A U.S. District Court judge yesterday imposed sentences on four Iranian Americans involved in a scheme to submit false documents to U.S. officials on behalf of about 300 Iranians seeking residency here.
Judge John H. Pratt of Washington sentenced Shams Din Javid, 48, of Falls Church to five years in prison and $180,000 in fines. Javid was convicted in April of 17 counts of filing false documents with Immigration and Naturalization Service officials and of bribing an immigration examiner to approve the fraudulent applications.
Javid's sister-in-law, Kheiri Javid, 30, of Los Angeles, who was convicted of two counts of filing false documents, was sentenced to three months in prison and $10,000 in fines. Two others, Shams Javid's sister, Ashraf Tiller of Arlington and Zahed Rashidi, 43, of Fairfax, both of whom pleaded guilty to roles in the scheme, were sentenced to serve terms of probation.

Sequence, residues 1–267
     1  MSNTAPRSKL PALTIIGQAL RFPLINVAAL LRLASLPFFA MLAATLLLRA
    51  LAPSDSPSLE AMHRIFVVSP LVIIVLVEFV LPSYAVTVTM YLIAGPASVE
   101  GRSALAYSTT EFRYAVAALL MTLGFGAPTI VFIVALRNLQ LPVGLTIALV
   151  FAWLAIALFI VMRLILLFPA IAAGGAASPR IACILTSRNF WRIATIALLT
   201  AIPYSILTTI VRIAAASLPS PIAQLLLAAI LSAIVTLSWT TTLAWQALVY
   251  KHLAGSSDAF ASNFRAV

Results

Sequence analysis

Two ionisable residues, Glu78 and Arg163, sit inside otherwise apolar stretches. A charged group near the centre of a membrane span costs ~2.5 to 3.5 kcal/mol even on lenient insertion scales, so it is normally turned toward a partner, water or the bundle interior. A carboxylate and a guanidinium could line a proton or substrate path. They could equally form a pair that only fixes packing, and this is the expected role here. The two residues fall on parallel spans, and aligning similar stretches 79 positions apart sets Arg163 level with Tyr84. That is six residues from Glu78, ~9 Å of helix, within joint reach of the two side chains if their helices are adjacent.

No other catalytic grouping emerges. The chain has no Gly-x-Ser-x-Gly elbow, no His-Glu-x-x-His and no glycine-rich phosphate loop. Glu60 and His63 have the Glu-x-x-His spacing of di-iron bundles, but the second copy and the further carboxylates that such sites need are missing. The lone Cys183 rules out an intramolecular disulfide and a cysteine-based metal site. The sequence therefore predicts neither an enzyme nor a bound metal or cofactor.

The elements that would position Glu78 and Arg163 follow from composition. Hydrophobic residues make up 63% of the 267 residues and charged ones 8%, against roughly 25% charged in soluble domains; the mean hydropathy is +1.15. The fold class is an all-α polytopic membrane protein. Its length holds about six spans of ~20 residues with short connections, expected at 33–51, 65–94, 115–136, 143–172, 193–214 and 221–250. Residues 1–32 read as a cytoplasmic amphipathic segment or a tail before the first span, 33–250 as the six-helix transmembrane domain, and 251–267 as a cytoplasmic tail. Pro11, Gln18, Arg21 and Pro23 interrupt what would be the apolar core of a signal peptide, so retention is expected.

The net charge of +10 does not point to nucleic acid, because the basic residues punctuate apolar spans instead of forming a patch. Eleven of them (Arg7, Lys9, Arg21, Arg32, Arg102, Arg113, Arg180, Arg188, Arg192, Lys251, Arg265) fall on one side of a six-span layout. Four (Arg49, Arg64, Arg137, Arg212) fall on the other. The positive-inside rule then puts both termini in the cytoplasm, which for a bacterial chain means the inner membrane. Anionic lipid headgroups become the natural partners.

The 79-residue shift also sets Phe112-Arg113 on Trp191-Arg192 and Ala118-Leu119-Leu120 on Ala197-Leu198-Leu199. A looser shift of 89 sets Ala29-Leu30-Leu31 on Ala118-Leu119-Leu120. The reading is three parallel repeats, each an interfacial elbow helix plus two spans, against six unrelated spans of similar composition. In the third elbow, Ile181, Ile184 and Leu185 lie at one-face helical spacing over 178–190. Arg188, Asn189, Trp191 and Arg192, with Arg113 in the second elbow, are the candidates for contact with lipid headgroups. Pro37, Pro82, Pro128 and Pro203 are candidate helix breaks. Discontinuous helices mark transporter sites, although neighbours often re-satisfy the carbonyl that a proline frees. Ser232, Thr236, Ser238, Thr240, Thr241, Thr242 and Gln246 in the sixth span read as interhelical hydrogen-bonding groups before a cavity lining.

A federal grand jury also indicted Hassan Hadj Mohammadi, 28, of Bethesda in a scheme that the panel said involved payment of fees of up to $30,000 by Iranians seeking residency. Mohammadi has pleaded guilty to conspiracy to bribe an INS official and to filing false documents, and is scheduled to be sentenced next month.
Former INS official Jerry Kenneth Hirsch, who was an immigration examiner in the Washington district office, was indicted in February. Hirsch pleaded guilty last month to one count of conspiracy and one count of bribery, and is to be sentenced next month.